The Phoenix Editorial Board discusses why rate My Professors is an unreliable tool for class evaluations.
Staff Editorial: Don’t Rely on Rate My Professors
When picking classes, Rate My Professors is a common tool used to evaluate which classes to take. The platform allows students to give honest feedback on professors anonymously, without fear of retribution. Methods of evaluation include rating the quality and difficulty of a class, as well as writing short descriptions justifying the ratings.
It sounds like a great tool — on paper.
The reality is Rate My Professors shouldn’t be relied upon to give an accurate picture of what a professor or class is actually like. Oftentimes, what you’ll find are two drastic ends of the spectrum.
Many reviews come from students who either love a professor or class enough to leave a glowing rating, or those who hate a professor or class enough to leave a horrible one. It’s rare to find an evaluation from students who have left a class with a neutral opinion, leaving the website void of reviews from students who had an average experience in a course.
Since the reviews are anonymous, the credibility of those offering them is dubious. You don’t know if the person reviewing the professor was a good student who aced it because they worked hard or a bad one who’s ticked off they got a bad grade. The website doesn’t even verify that reviewers took the class or went to the school in the first place.
In theory, the purpose of Rate My Professors is undeniably valuable — students deserve to hear from other students who can provide a glimpse into what a class is like from a similar perspective. Information like attendance policies and textbook requirements, which are included in some reviews, are useful in determining what classes work best for someone’s lifestyle and learning preferences.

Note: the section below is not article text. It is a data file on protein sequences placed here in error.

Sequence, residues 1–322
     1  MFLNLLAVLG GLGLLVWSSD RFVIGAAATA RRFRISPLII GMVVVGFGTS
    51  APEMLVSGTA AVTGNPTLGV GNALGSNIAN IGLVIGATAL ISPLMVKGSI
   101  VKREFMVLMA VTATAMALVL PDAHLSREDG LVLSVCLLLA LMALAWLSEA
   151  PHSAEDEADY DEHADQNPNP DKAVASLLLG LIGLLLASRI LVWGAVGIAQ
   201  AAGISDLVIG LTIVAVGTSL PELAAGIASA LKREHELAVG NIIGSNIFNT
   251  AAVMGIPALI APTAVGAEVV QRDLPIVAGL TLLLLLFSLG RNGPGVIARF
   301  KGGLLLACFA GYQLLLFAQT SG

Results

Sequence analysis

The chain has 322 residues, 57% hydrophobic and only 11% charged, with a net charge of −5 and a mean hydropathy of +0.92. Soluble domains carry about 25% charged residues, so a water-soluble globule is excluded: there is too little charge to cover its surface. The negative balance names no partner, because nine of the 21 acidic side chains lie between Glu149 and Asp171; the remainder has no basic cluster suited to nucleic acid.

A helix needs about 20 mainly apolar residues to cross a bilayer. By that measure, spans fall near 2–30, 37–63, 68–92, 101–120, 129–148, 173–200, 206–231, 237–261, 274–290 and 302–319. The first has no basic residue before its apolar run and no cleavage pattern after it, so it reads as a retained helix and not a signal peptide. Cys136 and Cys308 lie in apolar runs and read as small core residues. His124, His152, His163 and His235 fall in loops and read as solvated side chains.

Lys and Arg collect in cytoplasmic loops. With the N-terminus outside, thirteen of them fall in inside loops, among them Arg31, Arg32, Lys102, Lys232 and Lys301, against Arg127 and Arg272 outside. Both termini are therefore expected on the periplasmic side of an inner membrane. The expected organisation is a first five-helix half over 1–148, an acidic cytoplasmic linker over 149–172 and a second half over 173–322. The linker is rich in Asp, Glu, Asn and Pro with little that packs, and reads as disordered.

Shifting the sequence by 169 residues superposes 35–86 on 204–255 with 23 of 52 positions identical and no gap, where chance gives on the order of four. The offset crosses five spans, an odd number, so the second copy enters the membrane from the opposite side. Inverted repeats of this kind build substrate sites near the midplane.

In last week’s staff editorial, we recommended our favorite classes as spring registration approaches. While we’re passionate about the classes and professors we love at Loyola, we recognize this is a similar method of evaluation as the one used on Rate My Professor — we just happened to have extremely positive experiences and wanted to voice them.
Unlike Rate My Professors, we didn’t write those recommendations anonymously. Someone could easily write a letter to the editor challenging us on anything we said in that piece.
Students deserve a space to retrieve an accurate understanding of what a class or professor is like from a student perspective. But Rate My Professors’ unreliable and often dramatized illustrations of classes shouldn’t be the determining factor in someone’s decision to take a class.
Featured image by Aidan Cahill / The Phoenix